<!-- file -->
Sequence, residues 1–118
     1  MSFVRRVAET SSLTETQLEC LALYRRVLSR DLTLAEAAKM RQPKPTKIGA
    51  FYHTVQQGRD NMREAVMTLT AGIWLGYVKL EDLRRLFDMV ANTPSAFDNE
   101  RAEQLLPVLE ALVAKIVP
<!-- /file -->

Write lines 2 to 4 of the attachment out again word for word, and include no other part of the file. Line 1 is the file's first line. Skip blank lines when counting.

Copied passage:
     1  MSFVRRVAET SSLTETQLEC LALYRRVLSR DLTLAEAAKM RQPKPTKIGA
    51  FYHTVQQGRD NMREAVMTLT AGIWLGYVKL EDLRRLFDMV ANTPSAFDNE
   101  RAEQLLPVLE ALVAKIVP